It’s cute that you resort to half the fact to make your point. I guess full fact doesn’t support your agenda then. Yes, Google said that, then they changed their mind and said OK, censored search was not bad at all, and then changed it again when they’re forced by their employees. 

    It’s not like they doesn’t want to work with Chinese government, doesn’t it?

    Don’t get me wrong. I applauded Google stand on this issue 10 years ago but what it accomplished? It only make Baidu bigger and bigger. You can have value and be forced to do something against it in some dystopian states. That doesn’t mean you shouldn’t have it in the first place. The world is not black and white.
    edited April 10
  • Reply 17 of 45
    matrix077matrix077 Posts: 627member
    echosonic said:
    matrix077 said:
    robbyx said:
    matrix077 said:
    This really is a rather dramatic and head scratching conflict.  At virtually every media event, Cook almost breaks into tears as he dramatically professes Apple’s core values around the right to privacy.  He goes so far as to fight the US government to access someone’s personal device.  

    And yet, in China, a communist nation that oppresses individual rights, including privacy, Cook is more than willing to sway to the will of the oppressive government.  

    I like Apple products, but I don’t want to hear about Apple’s values.   If they’re not universally applied, they’re not values.  They’re sales tactics.
    So you propose Apple to get out of China market? How does that benefit Chinese consumers?
    Who cares if it benefits the Chinese consumer?  Why does that even matter?  If you have values and principles, you live them. You don’t bend them to make a buck.  Like @ttollerton said, values are absolute.  If you don’t apply them universally, they aren’t values. 
    Wait until you’re a CEO then preach (after investors kicking you out of course). 

    Extreme idealists has no place in the world. It’s more destructive than constructive. 
    Does removing apps and speech/podcasts from your network because they embrace a differing political philosophy than your employees do count as "extreme?"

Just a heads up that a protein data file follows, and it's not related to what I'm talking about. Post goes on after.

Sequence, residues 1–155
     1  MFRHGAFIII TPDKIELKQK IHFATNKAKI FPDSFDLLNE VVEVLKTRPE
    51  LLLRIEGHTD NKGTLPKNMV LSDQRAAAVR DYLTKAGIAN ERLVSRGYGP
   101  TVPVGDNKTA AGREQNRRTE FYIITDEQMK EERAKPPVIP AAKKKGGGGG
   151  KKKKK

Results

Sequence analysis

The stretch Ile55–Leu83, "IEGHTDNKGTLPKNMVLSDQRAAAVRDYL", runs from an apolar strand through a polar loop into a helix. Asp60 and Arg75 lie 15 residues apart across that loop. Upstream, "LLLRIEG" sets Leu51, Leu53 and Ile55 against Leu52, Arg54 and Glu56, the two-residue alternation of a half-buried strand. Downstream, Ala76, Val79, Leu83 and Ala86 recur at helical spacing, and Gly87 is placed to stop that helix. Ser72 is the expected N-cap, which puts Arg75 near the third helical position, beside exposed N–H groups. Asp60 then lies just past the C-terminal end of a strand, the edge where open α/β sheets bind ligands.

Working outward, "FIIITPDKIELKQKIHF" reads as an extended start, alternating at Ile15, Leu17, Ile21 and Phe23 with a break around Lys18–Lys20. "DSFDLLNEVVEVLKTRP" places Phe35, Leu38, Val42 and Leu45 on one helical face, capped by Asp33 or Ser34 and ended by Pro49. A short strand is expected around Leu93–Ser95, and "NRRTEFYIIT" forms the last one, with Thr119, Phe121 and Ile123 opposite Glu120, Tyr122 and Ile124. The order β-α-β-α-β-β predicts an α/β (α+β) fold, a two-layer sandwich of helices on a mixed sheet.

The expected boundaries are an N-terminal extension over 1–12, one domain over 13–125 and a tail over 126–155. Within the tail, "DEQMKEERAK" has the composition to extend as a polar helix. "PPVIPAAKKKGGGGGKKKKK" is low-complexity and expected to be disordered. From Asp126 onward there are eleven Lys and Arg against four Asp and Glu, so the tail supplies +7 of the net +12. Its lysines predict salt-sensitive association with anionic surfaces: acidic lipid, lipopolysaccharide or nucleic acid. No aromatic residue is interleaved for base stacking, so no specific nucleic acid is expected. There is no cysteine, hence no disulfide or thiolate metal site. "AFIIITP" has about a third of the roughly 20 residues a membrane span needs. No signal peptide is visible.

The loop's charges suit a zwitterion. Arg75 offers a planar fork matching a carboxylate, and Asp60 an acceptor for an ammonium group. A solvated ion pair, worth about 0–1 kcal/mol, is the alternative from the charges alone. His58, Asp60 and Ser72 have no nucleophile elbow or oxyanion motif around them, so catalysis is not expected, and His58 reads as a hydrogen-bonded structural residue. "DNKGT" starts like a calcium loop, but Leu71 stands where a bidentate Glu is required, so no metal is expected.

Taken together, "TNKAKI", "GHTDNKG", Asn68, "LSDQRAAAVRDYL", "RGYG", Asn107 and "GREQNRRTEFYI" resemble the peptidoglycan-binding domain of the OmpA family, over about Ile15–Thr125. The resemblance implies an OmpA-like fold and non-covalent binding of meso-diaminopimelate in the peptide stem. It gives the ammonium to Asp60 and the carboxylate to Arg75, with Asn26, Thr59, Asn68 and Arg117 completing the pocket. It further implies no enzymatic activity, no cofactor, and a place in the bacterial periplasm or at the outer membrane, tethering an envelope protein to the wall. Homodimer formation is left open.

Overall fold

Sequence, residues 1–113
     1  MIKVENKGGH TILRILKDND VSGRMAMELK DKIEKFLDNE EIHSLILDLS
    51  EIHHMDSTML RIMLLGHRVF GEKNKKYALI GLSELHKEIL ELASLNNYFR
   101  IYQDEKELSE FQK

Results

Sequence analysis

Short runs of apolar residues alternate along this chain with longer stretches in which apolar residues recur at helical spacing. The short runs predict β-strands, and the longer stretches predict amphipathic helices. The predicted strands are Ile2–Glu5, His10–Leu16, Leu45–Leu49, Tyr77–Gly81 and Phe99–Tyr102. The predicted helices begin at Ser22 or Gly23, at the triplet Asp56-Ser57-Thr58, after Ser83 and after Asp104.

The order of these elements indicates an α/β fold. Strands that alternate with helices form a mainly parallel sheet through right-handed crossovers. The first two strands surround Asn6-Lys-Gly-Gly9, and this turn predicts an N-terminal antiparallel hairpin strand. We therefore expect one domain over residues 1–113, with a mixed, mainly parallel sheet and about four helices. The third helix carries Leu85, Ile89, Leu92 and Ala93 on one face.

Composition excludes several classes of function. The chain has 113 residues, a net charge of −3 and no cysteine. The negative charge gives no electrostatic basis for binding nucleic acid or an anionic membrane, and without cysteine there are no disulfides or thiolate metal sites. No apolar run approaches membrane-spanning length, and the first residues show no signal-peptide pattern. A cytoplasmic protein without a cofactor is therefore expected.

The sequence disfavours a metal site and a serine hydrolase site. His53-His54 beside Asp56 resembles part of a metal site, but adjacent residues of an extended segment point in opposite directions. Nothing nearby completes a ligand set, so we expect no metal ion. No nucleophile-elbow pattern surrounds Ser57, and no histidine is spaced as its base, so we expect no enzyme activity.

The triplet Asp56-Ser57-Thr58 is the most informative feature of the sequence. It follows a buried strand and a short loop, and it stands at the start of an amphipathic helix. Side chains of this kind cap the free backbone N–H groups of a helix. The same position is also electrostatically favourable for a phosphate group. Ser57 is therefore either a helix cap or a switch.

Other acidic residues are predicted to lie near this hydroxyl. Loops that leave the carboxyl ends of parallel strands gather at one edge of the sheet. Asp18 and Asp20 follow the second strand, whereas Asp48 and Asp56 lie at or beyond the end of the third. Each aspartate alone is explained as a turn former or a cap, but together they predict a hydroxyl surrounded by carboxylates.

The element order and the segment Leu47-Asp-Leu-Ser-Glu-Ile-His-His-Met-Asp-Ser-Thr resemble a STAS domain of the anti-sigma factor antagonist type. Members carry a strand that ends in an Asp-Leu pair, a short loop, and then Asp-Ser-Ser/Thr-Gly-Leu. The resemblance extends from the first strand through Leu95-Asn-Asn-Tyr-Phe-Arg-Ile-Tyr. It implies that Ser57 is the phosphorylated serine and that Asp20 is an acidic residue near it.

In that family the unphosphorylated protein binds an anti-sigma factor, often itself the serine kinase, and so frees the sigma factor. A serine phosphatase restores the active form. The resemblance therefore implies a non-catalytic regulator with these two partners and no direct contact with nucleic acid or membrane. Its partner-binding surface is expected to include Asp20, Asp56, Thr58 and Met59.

If it’s a sick app and speech/podcasts then yes, absolutely. It’s their platform. If you think they should remove other apps or podcasts too then just let them know. 
  • Reply 18 of 45
    This really is a rather dramatic and head scratching conflict.  At virtually every media event, Cook almost breaks into tears as he dramatically professes Apple’s core values around the right to privacy.  He goes so far as to fight the US government to access someone’s personal device.  

    And yet, in China, a communist nation that oppresses individual rights, including privacy, Cook is more than willing to sway to the will of the oppressive government.  

    I like Apple products, but I don’t want to hear about Apple’s values.   If they’re not universally applied, they’re not values.  They’re sales tactics.
    Tim Cook is a fair weather friend to human civil rights.
  • Reply 19 of 45
    matrix077 said:
    This really is a rather dramatic and head scratching conflict.  At virtually every media event, Cook almost breaks into tears as he dramatically professes Apple’s core values around the right to privacy.  He goes so far as to fight the US government to access someone’s personal device.  

    And yet, in China, a communist nation that oppresses individual rights, including privacy, Cook is more than willing to sway to the will of the oppressive government.  

    I like Apple products, but I don’t want to hear about Apple’s values.   If they’re not universally applied, they’re not values.  They’re sales tactics.
    So you propose Apple to get out of China market? How does that benefit Chinese consumers?
    No, just that he needs to stop being a hypocrite.
    muthuk_vanalingamCarnage
  • Reply 20 of 45

    People seem to underestimate what it means to be the CEO of a large corporation.

    USA, for all the crap we give it, has a constitution and a bill of rights based on some of the best human ideals. It created an environment in which Apple was born. It allows people to follow these ideals and gives them a platform and a right to fight for them. This is what Tim Cook does in the US.

    But, at the end of the day, he has to ensure that the company makes money.

    When we say that Apps in the App Store have to follow Apple's rules and no one can try to subvert the rules, how are we able to ask Tim Cook to not play by the rules of the countries in which Apple does business?

    It is easy for us armchair CEOs to tell him to take his business elsewhere, but wherever Apple goes, it has to follow the rules of that country. If Tim followed these advices, Apple would end up doing business only in the USA.

    The fact that, as a gay person, Tim Cook is doing business in the Middle East is commendable. He is not letting his personal orientation affect his job as a CEO. The money Apple makes is for Americans invested in the company in the end.


    So what people see as double standards on the part of Tim Cook, I see as a person absolutely dedicated to his job.